Chinese military forces have been increasingly provoking border clashes with India in recent months, leading to scores of injured troops on both sides. According to Bloomberg, citing senior Indian security officials, border incidents are at their highest since 2015. Both nations are now on “high alert.”
Indian officials say China is objecting to a road it is building at the Pangong Tso that connects to the disputed border in the Himalayas, but the U.S. sees China’s bellicose behavior as a sign of a broader pattern of aggression.
The U.S. is accusing China of employing border clashes with India to try to shift the status quo on the border in its favor, as it has done in the South China Sea – another example of China’s Gray Zone Conflict tactics – and is encouraging New Delhi to resist.
“Whether it’s in the South China Sea or whether it’s along the border with India, we continue to see provocations and disturbing behavior by China that raises questions about how China seeks to use its growing power,” Alice Wells, acting assistant secretary for South and Central Asia, said to reporters on May 20, quoted by Bloomberg.
Wells drew specific parallels between the growing skirmishes in the Himalayas and Beijing’s years of increasing Gray Zone Conflict operations in the disputed waters and islands of the South China Sea. The South China Morning Post (SCMP) quoted Wells as saying, “If you look to the South China Sea, there’s a method here to Chinese operations, and it is that constant aggression, the constant attempt to shift the norms, to shift what is the status quo.
“It has to be resisted,” said Wells, reiterating that the U.S. backs India’s claims.
On May 5 and 6, Chinese People’s Liberation Army (PLA) troops and Indian Army forces clashed on the banks of a lake, leaving scores injured, reported Bloomberg, adding that on May 9, several soldiers were injured when the two armies again clashed “near a three-way junction between Bhutan, China and India, close to the site of the Doklam standoff.”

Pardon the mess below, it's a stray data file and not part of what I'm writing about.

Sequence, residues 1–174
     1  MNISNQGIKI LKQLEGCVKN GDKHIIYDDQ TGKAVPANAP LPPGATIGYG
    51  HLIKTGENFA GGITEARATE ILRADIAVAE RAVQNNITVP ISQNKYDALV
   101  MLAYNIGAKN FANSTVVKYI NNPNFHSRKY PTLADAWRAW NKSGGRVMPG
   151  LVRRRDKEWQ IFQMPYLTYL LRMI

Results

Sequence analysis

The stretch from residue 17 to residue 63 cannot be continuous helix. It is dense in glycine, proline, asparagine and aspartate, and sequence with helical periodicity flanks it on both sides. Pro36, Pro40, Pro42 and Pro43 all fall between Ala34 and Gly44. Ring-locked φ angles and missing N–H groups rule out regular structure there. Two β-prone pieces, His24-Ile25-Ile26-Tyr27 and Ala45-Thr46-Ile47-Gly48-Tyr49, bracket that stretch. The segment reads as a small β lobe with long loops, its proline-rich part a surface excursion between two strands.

One of these incidents reportedly involved a young Indian Army lieutenant punching a menacing Chinese PLA major in the face, at Muguthang, giving him a bloody nose, and nearly provoking an unwanted escalation. According to Indian Defense News, “The officer’s infantry unit reportedly had stopped the intruding Chinese PLA at Muguthang, and were furious at the Chinese commissar for shouting, “This (Sikkim) is not your land, this is not Indian territory… so just go back.”
Bloomberg reports that “border incidents in the “Western Sector” — stretching from northwestern Tibet, along the Indian state of Uttarakhand and the Union Territory of Ladakh, stretching to the critical Karakorum Pass — have witnessed a 75% rise in 2019.” These include the recent “stand-off at the Nathu La Pass, which connects the Indian state of Sikkim and Chinese-ruled Tibet.”
Bearing in mind both countries are nuclear-armed powers, and should behave appropriately, these increased border incidents are clearly part of China’s aggressive Gray Zone tactics and must be countered.
The U.S. has been building closer ties with India, the world’s most populous democracy, for years, with President Trump recently joining Indian Prime Minister Shri Narendra Modi at a massive rally in New Delhi. Trump and Modi also signed a ‘Comprehensive Global Strategic Partnership’ in February cementing U.S.-Indian ties even further.
As noted in my earlier piece, during his visit, Trump announced new U.S. deals with India to provide advanced U.S. military helicopters for the Indian army and navy, in addition to a $1.87 billion sale of Integrated Air Defense Weapon System (IADWS) to protect India’s capital. (RELATED: U.S. Partners with India for Joint Security in Indo-Pacific Region)
India needs to firmly resist China’s Gray Zone tactics and defend its border – or risk gradually ceding it to China. And the U.S. must continue to stand firmly with India as it does so.
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